THE CAMPUS PRAIRIE
As explained on the “Prairie” menu item of the course companion web page (ohioplants.org), a “prairie” is a permanent grassland with few or no woody plants. Fire-dependent ecosystems, prairies differ from old fields and meadows in that the prairies are more or less stable and self-perpetuating, rather than being a short-lived step along the way to becoming woodland. The vegetation that occurs in prairie is mainly fire adapted and drought-tolerant grasses and sedges. They are are usually accompanied by other herbaceous plants, adapted to drought and also low nutrient levels.
The Ohio State-Marion Campus Prairie was established in the 1970’s by a visionary botanist faculty member, Larry R. Yoder, using seeds and plants from nearly natural prairie remnants, particularly the Claridon Railroad Prairie in Caledonia that is 7 km NE of the campus. The prairie is roughly 15 acres. It is used as a lab classroom for biology classes there, and is a popular place for the public to come and hike while studying nature. I worked at OSU-Marion for 20+ years, and was part of the team that administered this campus natural area. This summer I’m helping with a survey of Ohio bees, and this is one of study sites. Once a week I set out and retrieve, 24 hrs. later, little dishes of soapy water that bees are drawn to, and become captured.
The plants mentioned here are ones that were observed during twice-weekly visits to the site during August and September, 2020.
This is the Google Maps view of the area. Zoom out a little to see the campus and surrounding farmland.
Here are some other views of the prairie, taken in the spring with my drone (showoff!). First the north, older, half of the prairie. This area is becoming overgrown with shrubs, and so could use some management work.
Expansion is taking place to the south.
There’s a picnic area shelter house donated by the late Trella Romine, a local naturalist and amateur historian. It is used for teaching.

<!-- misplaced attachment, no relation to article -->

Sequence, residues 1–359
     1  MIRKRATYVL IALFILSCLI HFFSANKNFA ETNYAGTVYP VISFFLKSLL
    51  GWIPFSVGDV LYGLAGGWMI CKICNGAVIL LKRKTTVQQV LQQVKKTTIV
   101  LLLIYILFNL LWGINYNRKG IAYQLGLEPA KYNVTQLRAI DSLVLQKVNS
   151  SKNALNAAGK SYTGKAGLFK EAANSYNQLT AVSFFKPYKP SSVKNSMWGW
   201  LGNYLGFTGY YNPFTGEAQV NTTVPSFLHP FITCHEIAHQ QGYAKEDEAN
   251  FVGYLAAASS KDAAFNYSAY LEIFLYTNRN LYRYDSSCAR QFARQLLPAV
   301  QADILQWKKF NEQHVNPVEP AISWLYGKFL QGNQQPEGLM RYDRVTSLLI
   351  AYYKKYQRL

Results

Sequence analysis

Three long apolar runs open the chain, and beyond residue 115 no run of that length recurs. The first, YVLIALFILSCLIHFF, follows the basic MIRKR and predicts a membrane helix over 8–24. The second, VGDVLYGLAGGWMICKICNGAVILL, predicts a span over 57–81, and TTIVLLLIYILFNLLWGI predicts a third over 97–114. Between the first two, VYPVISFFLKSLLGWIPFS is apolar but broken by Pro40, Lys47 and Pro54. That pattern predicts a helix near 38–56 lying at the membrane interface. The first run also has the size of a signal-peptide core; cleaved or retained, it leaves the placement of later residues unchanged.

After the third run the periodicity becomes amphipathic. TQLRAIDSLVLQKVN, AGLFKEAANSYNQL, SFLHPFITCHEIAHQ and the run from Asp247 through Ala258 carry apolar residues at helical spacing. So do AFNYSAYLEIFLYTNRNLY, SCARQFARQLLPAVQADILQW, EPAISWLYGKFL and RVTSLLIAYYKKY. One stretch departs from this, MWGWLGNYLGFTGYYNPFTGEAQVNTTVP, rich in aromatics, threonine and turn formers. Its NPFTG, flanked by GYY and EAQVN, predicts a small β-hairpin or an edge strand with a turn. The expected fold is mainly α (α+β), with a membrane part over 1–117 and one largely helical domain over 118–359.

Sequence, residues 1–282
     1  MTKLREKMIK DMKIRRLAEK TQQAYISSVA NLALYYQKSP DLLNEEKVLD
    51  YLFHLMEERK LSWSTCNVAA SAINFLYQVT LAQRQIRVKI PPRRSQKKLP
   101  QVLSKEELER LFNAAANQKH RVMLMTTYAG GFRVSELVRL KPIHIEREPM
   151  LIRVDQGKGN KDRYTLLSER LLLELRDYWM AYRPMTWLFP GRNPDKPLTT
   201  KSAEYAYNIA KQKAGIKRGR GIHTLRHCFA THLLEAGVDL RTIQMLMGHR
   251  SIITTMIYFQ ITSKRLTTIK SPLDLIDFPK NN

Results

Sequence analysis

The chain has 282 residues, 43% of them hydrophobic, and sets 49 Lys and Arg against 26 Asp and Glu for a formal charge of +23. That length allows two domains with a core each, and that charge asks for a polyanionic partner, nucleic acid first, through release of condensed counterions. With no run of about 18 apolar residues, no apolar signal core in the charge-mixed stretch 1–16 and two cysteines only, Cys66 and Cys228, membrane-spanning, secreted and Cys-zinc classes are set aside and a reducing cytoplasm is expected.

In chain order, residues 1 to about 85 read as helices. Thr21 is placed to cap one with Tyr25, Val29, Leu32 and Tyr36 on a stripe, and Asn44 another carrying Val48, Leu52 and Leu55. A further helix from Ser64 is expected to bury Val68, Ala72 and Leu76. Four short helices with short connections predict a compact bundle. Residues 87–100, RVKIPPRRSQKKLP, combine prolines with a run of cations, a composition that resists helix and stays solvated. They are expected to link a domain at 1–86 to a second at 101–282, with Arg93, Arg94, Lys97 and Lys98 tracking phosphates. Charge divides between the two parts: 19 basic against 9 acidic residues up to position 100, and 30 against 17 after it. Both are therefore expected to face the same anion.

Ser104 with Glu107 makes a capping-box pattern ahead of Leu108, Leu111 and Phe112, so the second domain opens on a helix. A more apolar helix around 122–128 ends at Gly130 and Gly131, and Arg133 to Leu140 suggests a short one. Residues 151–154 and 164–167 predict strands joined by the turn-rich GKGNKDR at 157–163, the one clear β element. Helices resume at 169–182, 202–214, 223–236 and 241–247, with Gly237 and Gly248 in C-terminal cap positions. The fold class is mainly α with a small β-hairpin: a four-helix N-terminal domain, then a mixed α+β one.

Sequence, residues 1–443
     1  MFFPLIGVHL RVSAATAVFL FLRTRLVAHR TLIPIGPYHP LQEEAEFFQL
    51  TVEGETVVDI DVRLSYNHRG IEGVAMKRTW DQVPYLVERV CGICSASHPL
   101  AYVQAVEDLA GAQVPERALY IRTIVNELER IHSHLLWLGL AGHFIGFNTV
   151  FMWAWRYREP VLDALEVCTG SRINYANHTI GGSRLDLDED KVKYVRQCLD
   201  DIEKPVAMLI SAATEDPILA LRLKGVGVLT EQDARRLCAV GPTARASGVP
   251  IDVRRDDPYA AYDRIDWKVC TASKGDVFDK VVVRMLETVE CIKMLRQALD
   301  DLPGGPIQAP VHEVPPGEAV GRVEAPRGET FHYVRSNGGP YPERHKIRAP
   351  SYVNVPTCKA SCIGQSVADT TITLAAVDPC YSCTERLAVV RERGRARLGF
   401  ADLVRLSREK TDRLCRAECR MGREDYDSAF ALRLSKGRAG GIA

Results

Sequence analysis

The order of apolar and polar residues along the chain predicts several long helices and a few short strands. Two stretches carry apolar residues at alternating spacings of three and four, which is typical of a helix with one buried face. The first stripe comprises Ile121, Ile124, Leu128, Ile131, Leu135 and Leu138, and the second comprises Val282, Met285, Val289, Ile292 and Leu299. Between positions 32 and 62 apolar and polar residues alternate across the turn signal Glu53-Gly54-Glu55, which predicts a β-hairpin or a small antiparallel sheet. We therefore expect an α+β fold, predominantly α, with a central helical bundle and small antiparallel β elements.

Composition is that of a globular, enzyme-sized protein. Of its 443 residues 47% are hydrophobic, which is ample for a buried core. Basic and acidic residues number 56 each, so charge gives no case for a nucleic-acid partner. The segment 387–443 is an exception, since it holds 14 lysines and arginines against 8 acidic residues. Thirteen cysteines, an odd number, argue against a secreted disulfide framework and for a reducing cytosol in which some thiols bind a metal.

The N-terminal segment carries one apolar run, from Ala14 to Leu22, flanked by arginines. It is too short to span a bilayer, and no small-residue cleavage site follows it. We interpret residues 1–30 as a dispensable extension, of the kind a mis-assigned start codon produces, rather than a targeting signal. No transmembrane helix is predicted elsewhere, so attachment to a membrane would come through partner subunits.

Her’e is what the prairie looks like today, after some aggressive shrub -killing. A prairie is supposed to be a mostly grassy area with no, or very few, woody plants. Shrubs are taking over! So I and a fellow prairie enthusiast are methodically cutting all the woody plants (except for a few oak trees) and painting the stumps with herbicide. Here;s a pile of shrubs stems awaiting removal (or a fire).
Two Trees,Two Shrubs, Two Flowers
There aren’t a whole lot of trees besides the 8 discussed earlier on the “Trees” page, but after a little searching I found two. Boxelder maple (Acer negundo) is a small tree of distubed open wooded areas. It is unique among our maples in having pinnately compound, not simple, leaves.
Shingle oak (Quercus imbricaria) is another tree that stands apart from its congenors. All other Ohio oaks have lobed leaves; this one has entire-margined ones that look oddly cherry-like.
Oaks are known for having a great many galls –anomalous growths caused by other organisms, most typically small wasps. One such gall, the gouty oak gall is visible on this tree. According to the University of Illinois Extension Service (LINK) the the tiny wasp that causes this is Callirhytis quercuspunctata, which attack several members of the red oak group. They say that heavy infestations can damage trees. They have been used to make ink.
Elderberry (Sambucus canadensis) is a shrub that, like boxelder maple, could be confusing, as it has opposite pinnately compound leaves, which is the hallmark of ashes. Note the inflorescence and fruits types, however: elderberry produces berries displayed on a much-branched cyme.
Petrides, in Peterson’s Field Guide to Trees and Shrubs tells us that all parts of the plant are reported to contain hydrocyanic acid,but that, “regardless, fruits are used in making jams, jelly, wine, pies”
Willows (genus Salix)are taxonomically difficults, as they frequently hybridize. This one seemed to key out fairly smoothly to “upland willow,” Salix humilis.
There are a number of flowers blooming at the prairie. In typical late summer fashion, most are “composites,” i.e., members of the Asteraceae. I sought out non-Asteraceae because they have more distinctive flowers. One of them is closed (or bottle) gentian, Gentiana andrewsii.
Irresistible though, this member of the Asteraceae is acherished prairie wildflower. It’s scaly blazing-star, Liatris scariosa. It’s an example of a composite with a discoid capitulum, i.e., having only one type of flower, the radially symmetric dick ones, the lie
Poison-ivy is way too abundant, forming a carpet between scattered shrubs. The vine habit and trifoliolate leaves are distinctive.